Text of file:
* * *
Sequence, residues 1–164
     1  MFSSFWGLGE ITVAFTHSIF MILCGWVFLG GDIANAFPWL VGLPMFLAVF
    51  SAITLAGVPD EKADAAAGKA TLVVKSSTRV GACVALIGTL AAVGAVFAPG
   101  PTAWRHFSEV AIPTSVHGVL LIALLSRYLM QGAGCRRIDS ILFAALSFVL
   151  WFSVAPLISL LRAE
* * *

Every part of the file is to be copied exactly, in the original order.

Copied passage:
Sequence, residues 1–164
     1  MFSSFWGLGE ITVAFTHSIF MILCGWVFLG GDIANAFPWL VGLPMFLAVF
    51  SAITLAGVPD EKADAAAGKA TLVVKSSTRV GACVALIGTL AAVGAVFAPG
   101  PTAWRHFSEV AIPTSVHGVL LIALLSRYLM QGAGCRRIDS ILFAALSFVL
   151  WFSVAPLISL LRAE